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[Cowcotland] Silverstone 450W Fully Modular SFX 80+ Gold rated PSU pictured - Page 5

post #41 of 198
Quote:
Originally Posted by chinesekiwi View Post

^
As stated, all your point is negated by knowing the OEM'er of the PSU.

Not really seeing as any half decent OEM makes silver/gold/platinum rated PSU's these days. So really, we are arguing the same thing just from two different perspectives tongue.gif

I totally agree that the efficiency rating should never be used thinking you will save money from a more efficient PSU. However, the decent PSU's are the ones that are efficient. Just look at all the decent manufacturers/OEM's, most of their PSU's are a minimum Bronze rated but over the past 12-18 months I would say silver has become the standard. With gold rated being a little bit more upmarket and obviously the platinum rated PSU's taking the cake as the top of the line PSU's.

But 80+ certification is relevant because it generally allows you to determine the good/reliable from the bad. You don't see the decent OEM's releasing 80 PLUS or 80+ bronze anymore. All the new units coming out from the likes of Seasonic, Enhance, FSP, Channel Well and Flextronics are silver minimum with gold rated quickly becoming the new standard.
post #42 of 198
Quote:
Originally Posted by Vengeance47 View Post

But 80+ certification is relevant because it generally allows you to determine the good/reliable from the bad.

Neg. And eh, Seasonic make the lower wattage Antec HCG and Neo Eco series, which are bronze rated. 80+ Plus rating is only used to measure efficiency. Nothing else.
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post #43 of 198
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Originally Posted by Vengeance47 View Post

But 80+ certification is relevant because it generally allows you to determine the good/reliable from the bad.

Here you go. This is exactly why the 80+ branding scheme has been so effective. People are confusing it with quality and/or reliability smile.gif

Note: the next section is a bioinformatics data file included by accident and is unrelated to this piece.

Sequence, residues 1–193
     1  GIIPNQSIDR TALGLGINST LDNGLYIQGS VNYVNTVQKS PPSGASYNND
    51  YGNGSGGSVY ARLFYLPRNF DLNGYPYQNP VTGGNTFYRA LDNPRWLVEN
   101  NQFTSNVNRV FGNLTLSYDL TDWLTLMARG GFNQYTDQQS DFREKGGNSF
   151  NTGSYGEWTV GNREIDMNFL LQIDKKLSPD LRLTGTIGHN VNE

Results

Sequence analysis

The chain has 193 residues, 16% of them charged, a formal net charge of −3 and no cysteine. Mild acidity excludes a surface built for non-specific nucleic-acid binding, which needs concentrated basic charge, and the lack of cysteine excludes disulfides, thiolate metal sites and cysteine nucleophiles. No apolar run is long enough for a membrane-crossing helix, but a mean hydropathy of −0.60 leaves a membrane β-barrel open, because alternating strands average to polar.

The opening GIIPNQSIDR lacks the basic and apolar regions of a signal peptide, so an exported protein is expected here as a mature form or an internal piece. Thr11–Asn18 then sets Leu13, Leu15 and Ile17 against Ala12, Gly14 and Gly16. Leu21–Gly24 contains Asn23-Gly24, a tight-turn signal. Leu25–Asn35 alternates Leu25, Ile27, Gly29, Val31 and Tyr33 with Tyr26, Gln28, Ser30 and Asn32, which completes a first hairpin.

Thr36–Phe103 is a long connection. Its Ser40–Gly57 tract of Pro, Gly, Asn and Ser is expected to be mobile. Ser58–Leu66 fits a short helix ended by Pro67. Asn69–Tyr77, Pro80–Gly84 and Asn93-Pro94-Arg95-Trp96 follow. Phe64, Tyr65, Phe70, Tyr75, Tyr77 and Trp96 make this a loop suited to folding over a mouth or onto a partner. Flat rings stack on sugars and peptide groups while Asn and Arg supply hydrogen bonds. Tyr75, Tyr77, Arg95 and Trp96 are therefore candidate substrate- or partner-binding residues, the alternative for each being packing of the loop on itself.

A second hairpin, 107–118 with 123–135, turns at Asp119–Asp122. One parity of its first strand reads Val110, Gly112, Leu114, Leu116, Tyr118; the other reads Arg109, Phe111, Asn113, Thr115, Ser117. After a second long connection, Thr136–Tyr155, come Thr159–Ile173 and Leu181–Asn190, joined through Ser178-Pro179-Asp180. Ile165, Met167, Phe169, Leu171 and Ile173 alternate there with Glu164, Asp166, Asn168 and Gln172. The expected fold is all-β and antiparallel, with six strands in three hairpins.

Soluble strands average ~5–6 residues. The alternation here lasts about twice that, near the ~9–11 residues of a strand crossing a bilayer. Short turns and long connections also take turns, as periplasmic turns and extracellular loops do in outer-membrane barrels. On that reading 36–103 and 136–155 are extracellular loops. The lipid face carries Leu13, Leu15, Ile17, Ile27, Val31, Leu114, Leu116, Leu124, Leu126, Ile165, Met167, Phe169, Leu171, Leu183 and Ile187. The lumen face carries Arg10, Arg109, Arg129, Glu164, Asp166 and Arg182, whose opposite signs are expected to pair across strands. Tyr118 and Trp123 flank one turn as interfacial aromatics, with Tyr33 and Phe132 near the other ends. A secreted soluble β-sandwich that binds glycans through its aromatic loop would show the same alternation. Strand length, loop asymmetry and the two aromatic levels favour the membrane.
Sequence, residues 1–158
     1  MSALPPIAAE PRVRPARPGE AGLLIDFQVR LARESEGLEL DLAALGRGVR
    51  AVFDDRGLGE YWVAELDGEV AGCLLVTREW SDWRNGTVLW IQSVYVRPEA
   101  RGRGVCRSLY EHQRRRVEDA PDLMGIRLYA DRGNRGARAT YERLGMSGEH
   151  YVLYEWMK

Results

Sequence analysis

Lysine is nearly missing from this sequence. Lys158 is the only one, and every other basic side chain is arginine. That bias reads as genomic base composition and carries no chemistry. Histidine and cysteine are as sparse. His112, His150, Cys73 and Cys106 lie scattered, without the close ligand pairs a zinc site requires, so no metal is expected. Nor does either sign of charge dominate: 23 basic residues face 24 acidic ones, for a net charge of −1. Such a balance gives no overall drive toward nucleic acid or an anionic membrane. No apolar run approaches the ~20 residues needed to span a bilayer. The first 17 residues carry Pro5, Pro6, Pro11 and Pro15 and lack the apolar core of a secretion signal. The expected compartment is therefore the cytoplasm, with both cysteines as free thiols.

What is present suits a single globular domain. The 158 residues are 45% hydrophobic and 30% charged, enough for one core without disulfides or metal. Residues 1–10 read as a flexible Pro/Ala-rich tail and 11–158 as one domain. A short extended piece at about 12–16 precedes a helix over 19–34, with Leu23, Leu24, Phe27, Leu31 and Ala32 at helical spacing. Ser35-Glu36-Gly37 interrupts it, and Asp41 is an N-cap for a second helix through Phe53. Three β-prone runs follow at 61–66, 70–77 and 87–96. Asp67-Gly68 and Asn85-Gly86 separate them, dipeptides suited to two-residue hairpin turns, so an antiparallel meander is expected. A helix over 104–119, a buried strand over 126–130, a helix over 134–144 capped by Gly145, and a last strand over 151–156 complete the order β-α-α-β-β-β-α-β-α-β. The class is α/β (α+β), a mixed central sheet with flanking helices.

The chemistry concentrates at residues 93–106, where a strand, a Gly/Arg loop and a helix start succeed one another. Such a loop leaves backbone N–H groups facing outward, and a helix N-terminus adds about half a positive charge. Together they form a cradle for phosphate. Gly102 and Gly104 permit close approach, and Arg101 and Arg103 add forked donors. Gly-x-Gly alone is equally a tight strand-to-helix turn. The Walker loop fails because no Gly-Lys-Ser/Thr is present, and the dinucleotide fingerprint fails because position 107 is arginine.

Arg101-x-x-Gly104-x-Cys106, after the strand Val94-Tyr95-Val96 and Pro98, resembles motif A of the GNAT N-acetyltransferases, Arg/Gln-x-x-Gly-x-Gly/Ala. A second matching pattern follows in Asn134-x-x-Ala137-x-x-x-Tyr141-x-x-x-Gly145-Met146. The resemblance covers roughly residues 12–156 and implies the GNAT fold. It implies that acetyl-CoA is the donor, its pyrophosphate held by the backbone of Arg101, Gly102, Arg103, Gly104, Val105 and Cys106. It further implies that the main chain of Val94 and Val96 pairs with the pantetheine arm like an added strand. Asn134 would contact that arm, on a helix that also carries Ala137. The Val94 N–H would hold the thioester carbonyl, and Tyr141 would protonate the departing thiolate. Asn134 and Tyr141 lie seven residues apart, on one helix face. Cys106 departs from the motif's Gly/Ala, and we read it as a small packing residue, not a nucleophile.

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post #44 of 198
This is epic...As soon as this touches Newegg as a standalone...I'm trading my X650 for this thing.drool.gif

Makes an epic ITX computer PSU.
 
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post #45 of 198
SO CUTE <3 DO want smile.gif
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post #46 of 198
Quote:
Originally Posted by Vengeance47 View Post

But 80+ certification is relevant because it generally allows you to determine the good/reliable from the bad. You don't see the decent OEM's releasing 80 PLUS or 80+ bronze anymore. All the new units coming out from the likes of Seasonic, Enhance, FSP, Channel Well and Flextronics are silver minimum with gold rated quickly becoming the new standard.

I would have to agree with the other's that this is something you can't use as a measure if a compnay is a good manufacturer or not. There are a ton of PSU'S out here in Asia that have the 80+ certification sticker but aren't even near close to making it as an average PSU. There were even some that used cement to mimic parts in their PSU (need to find that OCN thread) that had the 80+ certification sticker on it!
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post #47 of 198
Hahahaha I'd love to see that thread!
post #48 of 198
Quote:
Originally Posted by mark_thaddeus View Post

I would have to agree with the other's that this is something you can't use as a measure if a compnay is a good manufacturer or not. There are a ton of PSU'S out here in Asia that have the 80+ certification sticker but aren't even near close to making it as an average PSU. There were even some that used cement to mimic parts in their PSU (need to find that OCN thread) that had the 80+ certification sticker on it!

Very true

But then again there are always going to be exceptions. Generally speaking, a unit that is gold rated is better than a bronze rated. Its a simple fact. The gold rated can only achieve gold certification because it is more efficient; in order to be more efficient it needs to have a better design and use higher quality components. Therefore, it is fair to assume that a gold rated unit is better than a silver/bronze/80+/non-certified.

There will always be cheap knock-offs, you can't do anything about that. Just look at TV's these days (or even monitors). You can get 50" full HD 600Hz plasma's from some yum-cha brand for like $500 or you can go and get a Panasonic/Samsung of the same size and specs and they will be more than twice the price. Most people will obviously see there is a quality difference, hence the price difference. To some people, they are happy to pay $500 and get the yum-cha brand because they don't care about the quality. However most people who are investing in a TV would go for the name brand for warranty and reliability purposes.